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Discussion Starter · #1 ·
I stopped by the shop yesterday to pick up some parts for my other project (33 HR) and was checking out all the toys that are eagerly awaiting to be awoken from their winter slumber....soon, very soon.

On the 70 Challenger I notice a reflection under the car as I got closer and discovered a good sized puddle on tranny fluid (probably 12" in dia.). I need to get it on the lift to figure out what's up, it can't be the pan gasket since that was just changed last year. Not sure.......probably the front seal since it's in the back of the engine.

If I need to pull the tranny then I'm not even going to deal with the stock 904 tranny anymore, I'll put a new 904 in since the current one shifts funky anyway.

Time will tell.

Going to be a busy spring / summer with maintenance on the toys, noticed the other day the water pump gasket on our 65 mustang started leaking over the winter too (nice puddle of antifreeze under the car).

No worries......not complaining, I don't mind keeping these classics running and on the road. (y)

Jim
 

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Could also be a cooling line also. I rebuilt a 727 years ago, every seal and gasket brand new. It still leaked afterwards although not very bad.
 

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Just shows how these cars were not meant to be parked. Seals and bearings rely on regular use to keep the seals soft (additives/chemicals in the fluids). Often overlooked are heater cores and air conditioning compressors that also need regular use to maintain seals.
Engine/transmissions need to be warmed up to operating temperatures and condensation allowed to evaporate as these systems were designed to do. The transmissions also need to be run through their gears and the wheel bearings and brakes need to be used.
No different than someone who is bedridden for a period of time and then gets up to do a marathon. Must have regular excercise.
Transmission fluid is very thin and just a few drops will disperse to a large spot.
If you don't find a mechanical reason for the leak ( loose bolt etc...) try an additive like Lucas trans additive. We had good luck in the shop on transmissions that were headed for a rebuild and the customers were unable to afford it at that time.
 

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Discussion Starter · #6 ·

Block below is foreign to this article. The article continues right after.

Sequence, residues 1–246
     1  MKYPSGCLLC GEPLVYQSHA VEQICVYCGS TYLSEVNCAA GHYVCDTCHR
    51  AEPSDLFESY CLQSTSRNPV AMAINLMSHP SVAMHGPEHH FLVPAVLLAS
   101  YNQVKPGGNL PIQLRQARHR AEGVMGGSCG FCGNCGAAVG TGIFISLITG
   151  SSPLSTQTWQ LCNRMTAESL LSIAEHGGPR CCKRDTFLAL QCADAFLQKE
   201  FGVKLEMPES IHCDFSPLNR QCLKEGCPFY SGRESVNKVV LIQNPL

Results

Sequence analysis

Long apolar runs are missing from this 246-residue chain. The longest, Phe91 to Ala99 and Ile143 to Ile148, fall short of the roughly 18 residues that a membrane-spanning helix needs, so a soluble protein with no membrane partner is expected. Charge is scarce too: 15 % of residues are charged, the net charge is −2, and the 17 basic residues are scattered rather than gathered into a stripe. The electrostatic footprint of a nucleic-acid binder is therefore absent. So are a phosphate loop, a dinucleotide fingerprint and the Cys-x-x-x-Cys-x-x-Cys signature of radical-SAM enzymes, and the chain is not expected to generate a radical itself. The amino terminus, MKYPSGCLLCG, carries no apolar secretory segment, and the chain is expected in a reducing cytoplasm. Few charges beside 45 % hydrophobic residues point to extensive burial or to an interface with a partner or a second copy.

Could be a power steering fluid leak as well, if you're using tranny fluid in the PS.
Don't think it's P.S...... it'd dead on center in the rear of the engine...but I'll know for sure in a few weeks when I get it on the lift. Too many toys and too crappy of weather to do anything about it yet.

Jim
 

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Discussion Starter · #7 ·
Could also be a cooling line also. I rebuilt a 727 years ago, every seal and gasket brand new. It still leaked afterwards although not very bad.
Possibly, that would be easiest.....cooling lines are on the driver's side, the puddle is dead center behind the engine unless it's leaking and following down the case before dripping down. Will know more once I dig deeper.

Jim
 

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Discussion Starter · #8 ·
Just shows how these cars were not meant to be parked. Seals and bearings rely on regular use to keep the seals soft (additives/chemicals in the fluids). Often overlooked are heater cores and air conditioning compressors that also need regular use to maintain seals.
Engine/transmissions need to be warmed up to operating temperatures and condensation allowed to evaporate as these systems were designed to do. The transmissions also need to be run through their gears and the wheel bearings and brakes need to be used.
No different than someone who is bedridden for a period of time and then gets up to do a marathon. Must have regular excercise.
Transmission fluid is very thin and just a few drops will disperse to a large spot.
If you don't find a mechanical reason for the leak ( loose bolt etc...) try an additive like Lucas trans additive. We had good luck in the shop on transmissions that were headed for a rebuild and the customers were unable to afford it at that time.